Toys in the Attic
Time Out says
What is it about stop-motion puppetry that is so innately unnerving? There’s something in the way those miniature humanoids or inanimate household objects (the latter a particular favorite of the art form’s practitioners) are manipulated in such herky-jerky fashion that strikes a deep, disturbing chord in viewers. To watch ’30s Polish animator Wladyslaw Starewicz’s eerily active insect corpses or the shadowy figures of current MoMA darlings the Brothers Quay traipse stiffly through nightmarish landscapes is like wallowing in someone else’s Freudian flotsam and jetsam. And in terms of primo stop-motion surreality, you simply can’t beat the Czechs: Two of the country’s best animators, Jan Svaknmajer and Jirí Barta, have used the medium to explore unsettling undercurrents in various fairy tales and classic kid-lit fantasies.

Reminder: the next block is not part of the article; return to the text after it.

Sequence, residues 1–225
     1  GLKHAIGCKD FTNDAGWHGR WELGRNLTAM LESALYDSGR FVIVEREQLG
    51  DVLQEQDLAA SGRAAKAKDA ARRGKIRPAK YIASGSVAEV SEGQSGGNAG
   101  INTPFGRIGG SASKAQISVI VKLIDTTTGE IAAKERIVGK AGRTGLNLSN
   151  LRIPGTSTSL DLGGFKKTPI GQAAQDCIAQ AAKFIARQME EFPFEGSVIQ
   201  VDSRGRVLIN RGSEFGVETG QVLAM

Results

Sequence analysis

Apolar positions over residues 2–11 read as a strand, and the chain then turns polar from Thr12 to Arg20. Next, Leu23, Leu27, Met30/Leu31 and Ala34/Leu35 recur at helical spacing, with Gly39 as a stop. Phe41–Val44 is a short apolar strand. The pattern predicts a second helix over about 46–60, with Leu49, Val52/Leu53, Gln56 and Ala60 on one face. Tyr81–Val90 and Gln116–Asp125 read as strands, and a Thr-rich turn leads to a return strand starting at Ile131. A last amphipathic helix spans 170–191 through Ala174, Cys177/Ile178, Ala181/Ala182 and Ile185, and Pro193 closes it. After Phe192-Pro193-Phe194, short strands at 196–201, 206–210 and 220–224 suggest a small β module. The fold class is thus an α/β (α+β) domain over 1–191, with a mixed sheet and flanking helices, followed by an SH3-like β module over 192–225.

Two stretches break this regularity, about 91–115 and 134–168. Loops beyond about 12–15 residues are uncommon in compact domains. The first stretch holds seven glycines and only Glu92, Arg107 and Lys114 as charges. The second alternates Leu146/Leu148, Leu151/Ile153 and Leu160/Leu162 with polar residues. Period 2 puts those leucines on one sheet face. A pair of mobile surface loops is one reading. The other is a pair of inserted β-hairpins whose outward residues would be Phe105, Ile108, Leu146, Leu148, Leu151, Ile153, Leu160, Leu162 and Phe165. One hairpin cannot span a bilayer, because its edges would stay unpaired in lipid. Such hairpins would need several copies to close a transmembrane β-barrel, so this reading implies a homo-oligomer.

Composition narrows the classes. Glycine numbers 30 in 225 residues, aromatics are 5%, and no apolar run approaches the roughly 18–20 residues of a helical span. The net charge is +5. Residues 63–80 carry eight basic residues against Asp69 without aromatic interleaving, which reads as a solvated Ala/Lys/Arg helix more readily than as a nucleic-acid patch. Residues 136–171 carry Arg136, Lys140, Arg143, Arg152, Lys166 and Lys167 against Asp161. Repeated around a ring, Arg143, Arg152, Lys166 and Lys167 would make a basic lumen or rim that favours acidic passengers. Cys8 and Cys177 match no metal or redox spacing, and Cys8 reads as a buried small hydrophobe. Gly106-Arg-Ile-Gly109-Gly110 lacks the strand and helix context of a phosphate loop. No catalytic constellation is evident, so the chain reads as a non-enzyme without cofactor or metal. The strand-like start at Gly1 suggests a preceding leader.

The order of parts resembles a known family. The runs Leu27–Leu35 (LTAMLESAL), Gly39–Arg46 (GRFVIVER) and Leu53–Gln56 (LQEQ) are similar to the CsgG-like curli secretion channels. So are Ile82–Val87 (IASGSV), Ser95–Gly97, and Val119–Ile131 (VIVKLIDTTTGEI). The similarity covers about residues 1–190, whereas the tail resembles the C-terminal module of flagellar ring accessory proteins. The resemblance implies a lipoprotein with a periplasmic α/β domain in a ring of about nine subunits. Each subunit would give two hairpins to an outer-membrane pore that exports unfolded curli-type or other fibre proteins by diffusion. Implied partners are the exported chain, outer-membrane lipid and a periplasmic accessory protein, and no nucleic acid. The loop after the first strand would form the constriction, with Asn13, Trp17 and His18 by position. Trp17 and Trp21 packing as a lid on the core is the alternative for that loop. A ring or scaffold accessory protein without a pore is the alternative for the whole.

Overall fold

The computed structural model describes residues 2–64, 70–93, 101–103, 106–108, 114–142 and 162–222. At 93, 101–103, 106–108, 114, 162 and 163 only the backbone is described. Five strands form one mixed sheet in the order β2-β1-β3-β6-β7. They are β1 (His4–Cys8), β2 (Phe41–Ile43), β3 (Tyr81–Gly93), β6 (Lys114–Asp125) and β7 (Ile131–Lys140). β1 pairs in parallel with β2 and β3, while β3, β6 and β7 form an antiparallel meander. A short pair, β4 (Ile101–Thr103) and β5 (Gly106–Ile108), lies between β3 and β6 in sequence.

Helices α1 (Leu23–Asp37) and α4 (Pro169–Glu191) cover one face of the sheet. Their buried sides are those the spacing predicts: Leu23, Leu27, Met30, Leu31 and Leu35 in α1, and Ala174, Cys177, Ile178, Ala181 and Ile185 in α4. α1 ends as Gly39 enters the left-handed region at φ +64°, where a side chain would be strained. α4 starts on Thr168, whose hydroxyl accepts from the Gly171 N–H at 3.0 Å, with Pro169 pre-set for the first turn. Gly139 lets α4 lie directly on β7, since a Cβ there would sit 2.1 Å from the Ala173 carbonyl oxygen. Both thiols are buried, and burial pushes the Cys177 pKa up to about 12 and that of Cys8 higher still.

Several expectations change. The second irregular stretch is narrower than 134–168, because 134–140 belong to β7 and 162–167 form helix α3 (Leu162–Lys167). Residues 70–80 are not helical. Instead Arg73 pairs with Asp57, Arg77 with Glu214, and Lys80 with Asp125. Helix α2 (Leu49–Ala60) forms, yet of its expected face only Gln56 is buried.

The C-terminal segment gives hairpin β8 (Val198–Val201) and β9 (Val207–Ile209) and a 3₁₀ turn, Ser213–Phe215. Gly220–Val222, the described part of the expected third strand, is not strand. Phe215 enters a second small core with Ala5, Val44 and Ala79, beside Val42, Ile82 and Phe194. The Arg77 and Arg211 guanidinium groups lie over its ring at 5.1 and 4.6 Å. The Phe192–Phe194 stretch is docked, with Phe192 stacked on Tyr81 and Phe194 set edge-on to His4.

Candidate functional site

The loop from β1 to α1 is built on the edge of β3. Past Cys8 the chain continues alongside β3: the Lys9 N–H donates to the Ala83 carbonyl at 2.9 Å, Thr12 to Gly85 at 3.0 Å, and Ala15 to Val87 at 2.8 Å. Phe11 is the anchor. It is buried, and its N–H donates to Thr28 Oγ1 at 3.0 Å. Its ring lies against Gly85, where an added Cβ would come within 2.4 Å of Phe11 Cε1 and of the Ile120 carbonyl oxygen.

Barta is the one responsible for Toys in the Attic, a blend of bedtime storytelling and social parable, in which playthings engage in an East-West rivalry, but woe to anyone who first encounters his work here. Rather than presenting the original Czech version, American distributors have opted to release an English-dubbed edition, headed up by writer, director and actor Vivian Schilling (who voices the kidnapped doll Buttercup)—and the result is a tonal disaster. Adding famous voices to foreign toons may have worked wonders for Disney and Studio Ghibli collaborations, but the longer you endure celebrities such as Joan Cusack, Forest Whitaker and Cary Elwes employing ridiculous get-moose-and-squirrel! accents and the half-baked whimsicality that Schilling clumsily lays over Barta’s icky, intriguing imagery, the more you feel a vision—anyone’s vision—is smothered to death. Barta’s shorts are available on DVD; you’re better off getting a dose of the uncut goods.